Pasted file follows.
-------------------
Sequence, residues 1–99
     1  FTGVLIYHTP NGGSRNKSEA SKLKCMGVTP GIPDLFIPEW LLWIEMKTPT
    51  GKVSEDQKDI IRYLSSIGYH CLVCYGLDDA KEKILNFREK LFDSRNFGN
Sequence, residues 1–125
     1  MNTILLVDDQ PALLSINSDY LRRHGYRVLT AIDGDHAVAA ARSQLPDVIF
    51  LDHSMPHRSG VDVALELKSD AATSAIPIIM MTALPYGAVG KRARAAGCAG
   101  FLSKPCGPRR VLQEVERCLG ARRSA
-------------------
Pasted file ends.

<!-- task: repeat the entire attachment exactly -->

Sequence, residues 1–99
     1  FTGVLIYHTP NGGSRNKSEA SKLKCMGVTP GIPDLFIPEW LLWIEMKTPT
    51  GKVSEDQKDI IRYLSSIGYH CLVCYGLDDA KEKILNFREK LFDSRNFGN
Sequence, residues 1–125
     1  MNTILLVDDQ PALLSINSDY LRRHGYRVLT AIDGDHAVAA ARSQLPDVIF
    51  LDHSMPHRSG VDVALELKSD AATSAIPIIM MTALPYGAVG KRARAAGCAG
   101  FLSKPCGPRR VLQEVERCLG ARRSA